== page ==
For the latest COVID-19 campus news and resources, visit umassmed.edu/coronavirus.

Buscar Close Search
Buscar Close Search
Page Menu

DNA Polymerase Clamp Loaders

Chromosomal DNA replication requires that DNA polymerases be tethered to ring-shaped sliding clamps that encircle the DNA and allow for high-speed, processive replication. Sliding clamps are loaded onto DNA by the clamp loader complex, a pentameric assembly of proteins of the AAA+ family of ATPases.  

We want to understand the function and mechanism of clamp loaders in atomic detail. Recent structures of the T4 bacteriophage clamp loader in complex with primer-template DNA and the sliding clamp have suggested a working model for the clamp loader mechanism as shown below (see Kelch et al Science 2011):

Our model predicts that ATP hydrolysis begins at the end of the AAA+ spiral and proceeds in a sequential fashion up the spiral, resulting in the ejection of the clamp loader from the DNA and the closed clamp. Our hypothesis is illustrated in this animation of three consecutive ATP hydrolysis events:

More recently, we have revealed the structural mechanism of clamp loading in unprecedented detail. Our cryo-EM structure of the human clamp loader RFC bound to PCNA revealed an early intermediate where the PCNA is closed and RFC is in an auto-inhibited conformation (Gaubitz & Liu et al PNAS 2020). This conformation is similar to a crystal structure of the yeast clamp loader, suggesting that this auto-inhibited state is conserved across a eukaryotes. 

We more recently reported a detailed mechanism for the yeast clamp loader, with seven structures of clamp loading intermediates (Gaubitz et al, eLife 2022). We find a crab-claw mechanism for opening the clamp, which explains how the clamp loader achieves preference for its substrates. This allows DNA to directly bind into the large cleft, which induces clamp closure. We observe tight interactions at the ATPase active sites upon clamp closure, explaining how the clamp and DNA synergistically activate ATP hydrolysis and clamp release. More recently, we reported the discovery of a second DNA binding site on the exterior surface of the eukaryotic clamp loader (Liu & Gaubtiz et al eLife 2022). We reveal that both the external and internal DNA binding sites have the ability to partially unwind DNA without hydrolyzing ATP. Furthermore, we find that the two DNA binding sites cooperate to enable the clamp loader to bind to DNA at a nick or a small single-stranded gap, which are common intermediates during DNA repair. Finally, we show that yeast with a disrupted external DNA binding site have a defective DNA damage response, illustrating that this site is important for physiological function.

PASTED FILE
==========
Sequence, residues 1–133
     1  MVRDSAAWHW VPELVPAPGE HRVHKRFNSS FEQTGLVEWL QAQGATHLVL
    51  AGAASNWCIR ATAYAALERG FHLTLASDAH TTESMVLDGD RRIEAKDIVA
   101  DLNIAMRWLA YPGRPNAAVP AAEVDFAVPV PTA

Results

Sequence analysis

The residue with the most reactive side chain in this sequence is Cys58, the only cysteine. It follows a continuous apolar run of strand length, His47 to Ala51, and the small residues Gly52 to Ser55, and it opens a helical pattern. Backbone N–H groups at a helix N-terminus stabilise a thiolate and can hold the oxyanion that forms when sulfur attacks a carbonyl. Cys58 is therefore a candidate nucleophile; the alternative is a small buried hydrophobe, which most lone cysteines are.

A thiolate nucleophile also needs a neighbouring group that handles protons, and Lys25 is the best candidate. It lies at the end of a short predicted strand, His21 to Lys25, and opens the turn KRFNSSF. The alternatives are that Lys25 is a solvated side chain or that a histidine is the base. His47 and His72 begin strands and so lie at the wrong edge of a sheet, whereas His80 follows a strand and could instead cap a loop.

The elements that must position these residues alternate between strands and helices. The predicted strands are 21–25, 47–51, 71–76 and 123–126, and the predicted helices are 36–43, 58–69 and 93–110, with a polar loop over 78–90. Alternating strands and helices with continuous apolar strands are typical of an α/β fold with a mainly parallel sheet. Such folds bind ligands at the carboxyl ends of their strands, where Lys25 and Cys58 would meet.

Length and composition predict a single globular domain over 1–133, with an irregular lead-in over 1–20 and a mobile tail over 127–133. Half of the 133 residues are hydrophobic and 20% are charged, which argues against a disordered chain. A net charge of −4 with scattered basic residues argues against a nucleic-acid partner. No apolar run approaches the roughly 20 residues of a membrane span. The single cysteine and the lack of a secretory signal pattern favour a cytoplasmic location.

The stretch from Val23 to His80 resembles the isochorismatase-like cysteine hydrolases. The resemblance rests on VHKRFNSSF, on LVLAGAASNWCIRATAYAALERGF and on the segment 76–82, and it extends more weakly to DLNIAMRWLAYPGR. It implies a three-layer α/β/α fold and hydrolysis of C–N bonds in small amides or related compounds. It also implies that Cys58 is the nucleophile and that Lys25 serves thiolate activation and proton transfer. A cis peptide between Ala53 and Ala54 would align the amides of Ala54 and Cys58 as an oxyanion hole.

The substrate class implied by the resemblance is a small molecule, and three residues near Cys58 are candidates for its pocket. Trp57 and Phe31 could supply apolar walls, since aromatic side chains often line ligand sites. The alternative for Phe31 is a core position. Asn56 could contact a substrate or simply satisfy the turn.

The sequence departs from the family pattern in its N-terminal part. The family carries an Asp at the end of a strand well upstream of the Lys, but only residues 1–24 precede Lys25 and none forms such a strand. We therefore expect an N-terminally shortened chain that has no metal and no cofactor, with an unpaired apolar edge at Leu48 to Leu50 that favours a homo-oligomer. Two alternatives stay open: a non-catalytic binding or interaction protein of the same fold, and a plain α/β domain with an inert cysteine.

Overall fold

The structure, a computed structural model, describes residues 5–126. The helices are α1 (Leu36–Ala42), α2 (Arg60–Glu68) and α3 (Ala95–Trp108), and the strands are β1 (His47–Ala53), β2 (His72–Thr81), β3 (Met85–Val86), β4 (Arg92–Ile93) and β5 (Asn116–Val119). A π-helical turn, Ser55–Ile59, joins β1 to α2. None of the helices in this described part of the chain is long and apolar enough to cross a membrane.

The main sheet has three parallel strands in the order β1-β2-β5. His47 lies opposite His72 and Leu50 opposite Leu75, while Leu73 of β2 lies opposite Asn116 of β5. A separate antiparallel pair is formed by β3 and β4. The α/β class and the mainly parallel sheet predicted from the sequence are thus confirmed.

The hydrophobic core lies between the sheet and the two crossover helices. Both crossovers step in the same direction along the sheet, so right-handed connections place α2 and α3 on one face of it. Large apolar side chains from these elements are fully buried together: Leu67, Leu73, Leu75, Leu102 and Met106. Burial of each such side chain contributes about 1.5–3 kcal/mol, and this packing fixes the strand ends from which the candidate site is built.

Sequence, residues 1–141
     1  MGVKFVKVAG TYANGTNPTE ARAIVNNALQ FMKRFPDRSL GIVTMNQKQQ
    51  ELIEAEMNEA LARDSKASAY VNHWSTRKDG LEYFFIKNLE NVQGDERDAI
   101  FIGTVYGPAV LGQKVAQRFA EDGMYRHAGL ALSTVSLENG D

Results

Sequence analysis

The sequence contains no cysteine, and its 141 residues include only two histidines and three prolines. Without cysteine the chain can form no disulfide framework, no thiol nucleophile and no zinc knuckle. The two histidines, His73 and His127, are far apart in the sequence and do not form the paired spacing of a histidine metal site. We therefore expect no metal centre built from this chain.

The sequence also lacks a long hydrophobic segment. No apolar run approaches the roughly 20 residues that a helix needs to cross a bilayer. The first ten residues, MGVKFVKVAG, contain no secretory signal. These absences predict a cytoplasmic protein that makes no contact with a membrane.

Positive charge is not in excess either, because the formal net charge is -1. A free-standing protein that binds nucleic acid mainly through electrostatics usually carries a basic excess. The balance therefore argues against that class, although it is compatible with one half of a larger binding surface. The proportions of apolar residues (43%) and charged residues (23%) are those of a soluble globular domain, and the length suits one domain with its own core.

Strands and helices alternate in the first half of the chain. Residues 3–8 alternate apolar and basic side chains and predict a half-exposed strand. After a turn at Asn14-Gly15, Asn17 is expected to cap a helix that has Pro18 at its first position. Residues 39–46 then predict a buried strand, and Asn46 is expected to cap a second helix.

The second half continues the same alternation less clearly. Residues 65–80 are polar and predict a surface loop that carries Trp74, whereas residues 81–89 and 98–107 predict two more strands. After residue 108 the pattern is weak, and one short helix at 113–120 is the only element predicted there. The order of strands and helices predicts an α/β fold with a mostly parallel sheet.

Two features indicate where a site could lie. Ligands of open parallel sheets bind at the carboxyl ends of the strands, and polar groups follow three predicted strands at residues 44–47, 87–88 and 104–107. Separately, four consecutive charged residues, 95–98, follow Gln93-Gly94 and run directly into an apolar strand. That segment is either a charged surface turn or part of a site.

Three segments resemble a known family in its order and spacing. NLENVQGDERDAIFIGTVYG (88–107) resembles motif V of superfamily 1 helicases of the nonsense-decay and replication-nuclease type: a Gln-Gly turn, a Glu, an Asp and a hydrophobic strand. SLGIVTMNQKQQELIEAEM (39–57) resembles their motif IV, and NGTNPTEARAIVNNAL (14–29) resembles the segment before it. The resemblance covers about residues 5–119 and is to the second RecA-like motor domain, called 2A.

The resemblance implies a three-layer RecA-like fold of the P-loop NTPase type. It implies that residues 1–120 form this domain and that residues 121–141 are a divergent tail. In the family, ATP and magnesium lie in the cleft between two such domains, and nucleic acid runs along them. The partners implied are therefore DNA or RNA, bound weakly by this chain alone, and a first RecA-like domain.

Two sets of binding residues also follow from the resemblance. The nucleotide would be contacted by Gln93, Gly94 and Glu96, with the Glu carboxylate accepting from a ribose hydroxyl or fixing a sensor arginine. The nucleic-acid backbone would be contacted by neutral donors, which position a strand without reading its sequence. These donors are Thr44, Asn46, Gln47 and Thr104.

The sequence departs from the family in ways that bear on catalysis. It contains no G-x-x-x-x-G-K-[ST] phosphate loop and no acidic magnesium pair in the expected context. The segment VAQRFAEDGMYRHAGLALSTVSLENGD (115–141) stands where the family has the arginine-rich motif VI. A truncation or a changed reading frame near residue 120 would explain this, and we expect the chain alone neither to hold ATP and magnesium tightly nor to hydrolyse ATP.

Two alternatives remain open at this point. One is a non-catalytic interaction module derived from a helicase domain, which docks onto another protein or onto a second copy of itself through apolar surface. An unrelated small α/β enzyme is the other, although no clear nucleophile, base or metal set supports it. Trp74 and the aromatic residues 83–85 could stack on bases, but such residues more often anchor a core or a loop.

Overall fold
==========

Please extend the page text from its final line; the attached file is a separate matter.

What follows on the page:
We test these models for clamp loader mechanism using a wide array of biochemical, biophysical and structural methods. Understanding the clamp loader mechanism in atomic detail will have important implications for understanding DNA replication as well as the mechanism of related AAA+ protein assemblies. Ultimately, we anticipate using our mechanistic understanding to develop novel nanodevices and small molecule effectors of AAA+ function. We have summarized our understanding of clamp loaders in reviews here, here and more recently here